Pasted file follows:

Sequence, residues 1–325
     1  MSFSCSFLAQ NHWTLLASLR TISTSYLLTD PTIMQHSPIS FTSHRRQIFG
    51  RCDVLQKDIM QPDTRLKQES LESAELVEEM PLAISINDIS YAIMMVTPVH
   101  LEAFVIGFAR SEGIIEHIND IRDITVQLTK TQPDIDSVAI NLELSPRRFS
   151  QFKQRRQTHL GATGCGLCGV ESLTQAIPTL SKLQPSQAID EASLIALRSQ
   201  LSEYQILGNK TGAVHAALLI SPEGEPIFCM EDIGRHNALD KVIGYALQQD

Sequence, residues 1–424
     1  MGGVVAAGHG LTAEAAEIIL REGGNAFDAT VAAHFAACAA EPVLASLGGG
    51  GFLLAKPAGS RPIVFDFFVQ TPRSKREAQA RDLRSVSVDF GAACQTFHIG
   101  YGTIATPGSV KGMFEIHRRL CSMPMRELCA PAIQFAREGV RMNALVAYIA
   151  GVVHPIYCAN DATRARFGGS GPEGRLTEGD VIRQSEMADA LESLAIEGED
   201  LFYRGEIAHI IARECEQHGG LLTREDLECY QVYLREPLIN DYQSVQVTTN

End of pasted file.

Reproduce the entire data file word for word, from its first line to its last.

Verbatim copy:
Sequence, residues 1–325
     1  MSFSCSFLAQ NHWTLLASLR TISTSYLLTD PTIMQHSPIS FTSHRRQIFG
    51  RCDVLQKDIM QPDTRLKQES LESAELVEEM PLAISINDIS YAIMMVTPVH
   101  LEAFVIGFAR SEGIIEHIND IRDITVQLTK TQPDIDSVAI NLELSPRRFS
   151  QFKQRRQTHL GATGCGLCGV ESLTQAIPTL SKLQPSQAID EASLIALRSQ
   201  LSEYQILGNK TGAVHAALLI SPEGEPIFCM EDIGRHNALD KVIGYALQQD

Sequence, residues 1–424
     1  MGGVVAAGHG LTAEAAEIIL REGGNAFDAT VAAHFAACAA EPVLASLGGG
    51  GFLLAKPAGS RPIVFDFFVQ TPRSKREAQA RDLRSVSVDF GAACQTFHIG
   101  YGTIATPGSV KGMFEIHRRL CSMPMRELCA PAIQFAREGV RMNALVAYIA
   151  GVVHPIYCAN DATRARFGGS GPEGRLTEGD VIRQSEMADA LESLAIEGED
   201  LFYRGEIAHI IARECEQHGG LLTREDLECY QVYLREPLIN DYQSVQVTTN